Breaking the Cycle of Dependency through the Use of Remittances for Investments

  • Posted by Marina Vatav
  • September 24, 2012 4:58 PM EDT

Last year, Haitians living abroad sent over two billion dollars to Haiti, according to the Multilateral Investment Fund (MIF) study. For Haitians in the Diaspora this is a way to support their families and connect. Most transfers come from the US, Canada, and Dominican Republic.

According to the MIF remittances represented 28% of Haiti's GDP last year. Could the two billion dollars a year be used to create jobs, investments, and boost the economy?

A 2006 World Bank study shows that remittance recipients are predominantly young Haitians under the age of 40. Many of them have difficulty in finding jobs in Haiti and are totally dependent on the money sent by their relatives living abroad.

A Fonkoze program called Remittance For Business is trying to turn the situation around and educate the remittance receivers to be more financially savvy. They encourage them to think of ways to break the financial dependency cycle, learn to save, and start thinking about opening a business or invest in existing ventures.

The pilot program started in June in 10 cities throughout Haiti. It consists of a series of two-day seminars given by the well-known Haitian economist Kesner Pharel to remittance receivers. The participants learned about budgeting, managing a business, the finance of a business versus personal finance, ways to increase income, ways to access a loan, business debt, the limitations of the law, etc.

"Not all are ready to be investors or entrepreneurs. What they have to do is to start thinking about how they can get out from the cycle of dependency," says Katleen Felix, Project Director and Diaspora Liaison Officer, Fonkoze.

"We are telling them what they can do with 1000 dollars, what they can do with 100 dollars, so that they can start thinking about what can be done and how they can scale it up," continues Felix.

At the end of the training the participants had a chance to meet local entrepreneurs who shared their experiences.

From June until the end of August, 235 people have gone through this training. Three business analysts are following up with the program participants and helping them start revenue-generating activities. At the end of the year, an evaluation will be done to assess how effective this pilot program was in improving people's financial habits.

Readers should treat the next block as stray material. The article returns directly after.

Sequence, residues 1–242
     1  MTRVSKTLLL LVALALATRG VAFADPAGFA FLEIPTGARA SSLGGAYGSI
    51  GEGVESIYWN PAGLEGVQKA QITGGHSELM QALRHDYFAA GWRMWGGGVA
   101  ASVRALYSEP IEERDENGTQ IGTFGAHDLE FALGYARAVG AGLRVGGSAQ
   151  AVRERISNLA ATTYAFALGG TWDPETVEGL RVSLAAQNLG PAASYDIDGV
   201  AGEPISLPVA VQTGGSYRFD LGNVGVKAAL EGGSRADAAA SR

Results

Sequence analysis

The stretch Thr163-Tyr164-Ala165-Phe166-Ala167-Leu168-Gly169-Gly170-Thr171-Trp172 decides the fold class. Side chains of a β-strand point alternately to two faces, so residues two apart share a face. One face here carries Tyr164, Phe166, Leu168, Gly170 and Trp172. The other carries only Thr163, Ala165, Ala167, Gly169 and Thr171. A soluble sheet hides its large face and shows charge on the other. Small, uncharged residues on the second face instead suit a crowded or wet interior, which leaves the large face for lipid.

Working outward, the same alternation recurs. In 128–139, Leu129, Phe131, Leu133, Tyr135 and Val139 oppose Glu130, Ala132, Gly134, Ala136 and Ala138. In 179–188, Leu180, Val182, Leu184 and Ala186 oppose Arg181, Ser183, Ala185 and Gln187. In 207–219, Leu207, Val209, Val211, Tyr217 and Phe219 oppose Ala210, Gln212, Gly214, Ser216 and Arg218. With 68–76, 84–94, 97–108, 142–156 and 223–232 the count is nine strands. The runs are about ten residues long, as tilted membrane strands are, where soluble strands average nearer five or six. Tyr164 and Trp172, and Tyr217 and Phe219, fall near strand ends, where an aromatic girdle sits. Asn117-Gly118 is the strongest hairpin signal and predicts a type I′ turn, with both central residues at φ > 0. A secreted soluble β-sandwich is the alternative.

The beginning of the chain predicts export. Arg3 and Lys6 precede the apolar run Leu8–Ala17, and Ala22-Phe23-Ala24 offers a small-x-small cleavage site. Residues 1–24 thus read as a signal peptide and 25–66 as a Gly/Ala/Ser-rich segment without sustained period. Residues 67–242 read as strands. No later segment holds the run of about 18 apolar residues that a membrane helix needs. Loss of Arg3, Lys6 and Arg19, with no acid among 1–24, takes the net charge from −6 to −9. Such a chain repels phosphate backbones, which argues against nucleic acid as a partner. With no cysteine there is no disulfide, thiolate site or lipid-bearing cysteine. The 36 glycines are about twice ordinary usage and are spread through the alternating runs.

"We are hoping that some of them will be saving, some of them will invest in their own businesses or in someone else's business. These are the three main indicators for us," says Katleen Felix.

The Program has also listed some additional options offered by local businesses to those who want to start by creating a job for themselves.

- Eneji Pwop, a clean energy company that sells solar products, offered to job seekers to buy their products and resell, thus creating a distribution system that can benefit the company, and the new self-employed that will now be a part of an economic circle.

- Digicel, one of the most important telecommunication companies in Haiti, is offering their TchoTchoMobile model, Mobile banking, and their Pappadap model, selling phone credit, to help entrepreneurs reinforce their business by diversifying their products.

- Ti Pilon, in the area of Pétion-Ville, encourages the selling of Haitian coffee and snacks in the streets helping the local production, and creating jobs for the ones who choose this model.

"We'll see the results in December; we'll have the stats, and if it's making a difference, we will probably find a way to continue this program," says Katleen Felix.

Some members of the Diaspora who are business savvy have expressed their desire to help mentor people in Haiti who want to start a business. This is a new component that Katleen Felix is thinking of exploring in the future: create a nucleon of Diaspora mentors who could support some business initiatives in Haiti.

Remittance for Business program is funded by the Multilateral Investment Fund/Fomin (IDB), and is part of a larger Remittance program implemented by the IDB throughout the Caribbean and Latin America.

According to the MIF study, the remittances sent to the Caribbean and Latin America last year exceeded $61 billion, an increase of 6% over the previous year. The average transferred amount was $300.